Composers use creativity and knowledge of music theory to write and transcribe musical scores. Scores can be for television, films, computer games or stage productions. A composer will reflect moods within the music which have been specified by directors or producers. They experiment with different instruments and sounds to achieve the desired effect.
Full-time work is possible for established composers; however competition is high and some may have to have other sources of income.
- Using knowledge of music theory to create compositions.
- Using music technology to create, transcribe and arrange musical scores.
- Producing demos of work for prospective employers.
- Advising musicians in rehearsals.
- Liaising with directors and producers.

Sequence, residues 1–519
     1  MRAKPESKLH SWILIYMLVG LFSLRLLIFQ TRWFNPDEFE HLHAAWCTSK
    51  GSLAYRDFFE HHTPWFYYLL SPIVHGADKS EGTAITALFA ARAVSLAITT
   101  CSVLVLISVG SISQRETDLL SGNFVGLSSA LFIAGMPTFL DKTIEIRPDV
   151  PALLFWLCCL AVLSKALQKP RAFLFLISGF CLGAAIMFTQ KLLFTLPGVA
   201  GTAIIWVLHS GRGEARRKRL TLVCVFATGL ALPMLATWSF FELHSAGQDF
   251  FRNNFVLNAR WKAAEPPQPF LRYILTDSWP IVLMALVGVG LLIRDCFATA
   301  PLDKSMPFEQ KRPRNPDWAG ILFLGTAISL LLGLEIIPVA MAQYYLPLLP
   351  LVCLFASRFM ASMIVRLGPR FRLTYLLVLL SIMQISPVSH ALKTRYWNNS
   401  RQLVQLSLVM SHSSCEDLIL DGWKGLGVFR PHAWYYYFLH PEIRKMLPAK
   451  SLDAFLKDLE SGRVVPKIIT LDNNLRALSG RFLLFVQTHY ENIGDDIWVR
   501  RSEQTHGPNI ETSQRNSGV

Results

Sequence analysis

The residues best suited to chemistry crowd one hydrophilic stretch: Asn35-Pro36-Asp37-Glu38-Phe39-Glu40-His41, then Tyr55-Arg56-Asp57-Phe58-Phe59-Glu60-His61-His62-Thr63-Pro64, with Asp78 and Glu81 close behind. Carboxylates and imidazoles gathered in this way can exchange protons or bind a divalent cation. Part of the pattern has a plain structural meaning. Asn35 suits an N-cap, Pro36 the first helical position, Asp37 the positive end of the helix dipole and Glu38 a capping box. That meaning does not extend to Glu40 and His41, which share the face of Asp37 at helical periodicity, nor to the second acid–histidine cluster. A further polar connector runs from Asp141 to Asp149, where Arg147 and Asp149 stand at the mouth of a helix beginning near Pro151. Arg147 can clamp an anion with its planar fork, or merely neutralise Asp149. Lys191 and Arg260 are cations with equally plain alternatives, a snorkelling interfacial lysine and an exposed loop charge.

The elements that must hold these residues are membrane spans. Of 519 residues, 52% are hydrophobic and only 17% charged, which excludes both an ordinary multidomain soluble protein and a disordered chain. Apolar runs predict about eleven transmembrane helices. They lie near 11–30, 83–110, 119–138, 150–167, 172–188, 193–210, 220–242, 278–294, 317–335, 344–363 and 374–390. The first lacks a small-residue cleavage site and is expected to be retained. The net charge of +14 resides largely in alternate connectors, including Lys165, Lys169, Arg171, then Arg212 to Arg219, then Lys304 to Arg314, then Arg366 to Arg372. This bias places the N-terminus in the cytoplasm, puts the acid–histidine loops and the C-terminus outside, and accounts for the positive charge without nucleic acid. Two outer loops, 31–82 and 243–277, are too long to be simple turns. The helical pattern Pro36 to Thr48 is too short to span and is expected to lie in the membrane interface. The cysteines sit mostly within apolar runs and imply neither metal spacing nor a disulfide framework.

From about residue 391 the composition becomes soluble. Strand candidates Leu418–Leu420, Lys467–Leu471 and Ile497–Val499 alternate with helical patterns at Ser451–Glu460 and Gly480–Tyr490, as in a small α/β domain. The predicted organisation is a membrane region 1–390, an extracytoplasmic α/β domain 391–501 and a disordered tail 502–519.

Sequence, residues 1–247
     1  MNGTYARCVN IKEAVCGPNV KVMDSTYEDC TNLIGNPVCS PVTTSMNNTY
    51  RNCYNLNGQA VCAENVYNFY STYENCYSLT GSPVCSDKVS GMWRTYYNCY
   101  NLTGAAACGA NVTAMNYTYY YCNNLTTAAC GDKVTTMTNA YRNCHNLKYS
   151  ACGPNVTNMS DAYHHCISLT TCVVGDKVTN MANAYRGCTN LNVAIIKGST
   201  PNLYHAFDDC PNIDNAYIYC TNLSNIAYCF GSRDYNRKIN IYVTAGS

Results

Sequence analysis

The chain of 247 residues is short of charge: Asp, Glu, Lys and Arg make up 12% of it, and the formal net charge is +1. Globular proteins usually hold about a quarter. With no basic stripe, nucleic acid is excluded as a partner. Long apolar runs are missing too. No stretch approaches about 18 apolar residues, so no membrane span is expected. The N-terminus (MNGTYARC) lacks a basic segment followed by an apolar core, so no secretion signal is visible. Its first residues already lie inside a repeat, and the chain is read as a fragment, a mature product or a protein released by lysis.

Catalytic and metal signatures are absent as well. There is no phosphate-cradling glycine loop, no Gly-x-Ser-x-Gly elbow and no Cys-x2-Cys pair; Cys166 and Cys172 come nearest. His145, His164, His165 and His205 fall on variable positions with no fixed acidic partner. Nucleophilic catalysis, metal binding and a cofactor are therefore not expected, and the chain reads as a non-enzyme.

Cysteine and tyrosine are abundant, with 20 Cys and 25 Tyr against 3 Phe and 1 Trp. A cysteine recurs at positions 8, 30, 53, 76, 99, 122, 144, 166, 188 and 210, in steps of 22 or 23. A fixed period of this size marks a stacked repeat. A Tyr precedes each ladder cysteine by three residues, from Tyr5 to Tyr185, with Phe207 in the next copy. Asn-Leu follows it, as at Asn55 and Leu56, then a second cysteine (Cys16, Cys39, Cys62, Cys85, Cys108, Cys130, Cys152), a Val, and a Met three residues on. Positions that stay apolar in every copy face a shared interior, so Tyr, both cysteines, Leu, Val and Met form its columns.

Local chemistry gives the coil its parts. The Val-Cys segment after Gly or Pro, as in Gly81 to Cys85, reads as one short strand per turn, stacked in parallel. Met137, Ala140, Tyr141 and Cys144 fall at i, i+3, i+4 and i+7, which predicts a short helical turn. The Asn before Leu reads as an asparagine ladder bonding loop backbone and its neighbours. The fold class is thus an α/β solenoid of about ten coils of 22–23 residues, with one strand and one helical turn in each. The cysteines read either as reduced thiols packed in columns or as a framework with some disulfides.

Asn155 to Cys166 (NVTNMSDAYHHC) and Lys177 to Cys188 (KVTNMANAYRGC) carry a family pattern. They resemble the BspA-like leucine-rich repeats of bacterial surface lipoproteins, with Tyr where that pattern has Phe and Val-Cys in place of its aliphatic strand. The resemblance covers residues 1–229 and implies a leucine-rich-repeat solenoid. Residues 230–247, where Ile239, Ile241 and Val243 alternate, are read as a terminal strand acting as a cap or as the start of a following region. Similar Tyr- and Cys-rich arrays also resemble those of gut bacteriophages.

- Meeting deadlines.
Travel: is limited; work is based in a studio or at home.
Working hours: can be irregular and unsociable. Evening and weekend hours are common.
Location: opportunities are more likely in larger cities with television production studios and popular theatres.
Most composers will need to have extensive experience in musical training and in-depth knowledge of various musical styles. Musical talent is essential. A degree in music is advantageous for understanding music theory and music interpretation, and for gathering skills in composition. A Masters in composition may be helpful to extend knowledge. Building up a network of contacts is essential.